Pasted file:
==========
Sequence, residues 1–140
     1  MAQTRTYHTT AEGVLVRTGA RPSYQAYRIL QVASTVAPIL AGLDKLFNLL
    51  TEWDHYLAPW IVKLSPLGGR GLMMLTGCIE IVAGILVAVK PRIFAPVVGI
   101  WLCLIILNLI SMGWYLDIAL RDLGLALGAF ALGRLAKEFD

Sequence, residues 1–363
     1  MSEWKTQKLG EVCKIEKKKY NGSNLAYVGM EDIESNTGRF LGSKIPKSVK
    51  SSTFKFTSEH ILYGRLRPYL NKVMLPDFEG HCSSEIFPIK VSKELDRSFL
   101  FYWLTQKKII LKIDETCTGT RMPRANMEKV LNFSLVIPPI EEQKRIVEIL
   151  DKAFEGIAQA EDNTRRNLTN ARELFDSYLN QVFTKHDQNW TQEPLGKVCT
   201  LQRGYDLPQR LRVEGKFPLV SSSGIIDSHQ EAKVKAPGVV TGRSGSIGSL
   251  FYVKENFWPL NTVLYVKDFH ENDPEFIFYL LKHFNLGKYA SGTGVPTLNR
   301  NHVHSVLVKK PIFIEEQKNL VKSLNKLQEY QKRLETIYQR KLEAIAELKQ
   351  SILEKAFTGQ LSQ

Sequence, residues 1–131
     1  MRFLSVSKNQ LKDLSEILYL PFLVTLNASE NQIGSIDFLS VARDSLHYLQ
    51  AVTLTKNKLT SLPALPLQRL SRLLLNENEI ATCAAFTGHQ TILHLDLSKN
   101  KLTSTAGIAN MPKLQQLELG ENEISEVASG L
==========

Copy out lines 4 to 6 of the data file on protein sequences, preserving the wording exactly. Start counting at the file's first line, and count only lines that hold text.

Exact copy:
   101  WLCLIILNLI SMGWYLDIAL RDLGLALGAF ALGRLAKEFD

Sequence, residues 1–363
     1  MSEWKTQKLG EVCKIEKKKY NGSNLAYVGM EDIESNTGRF LGSKIPKSVK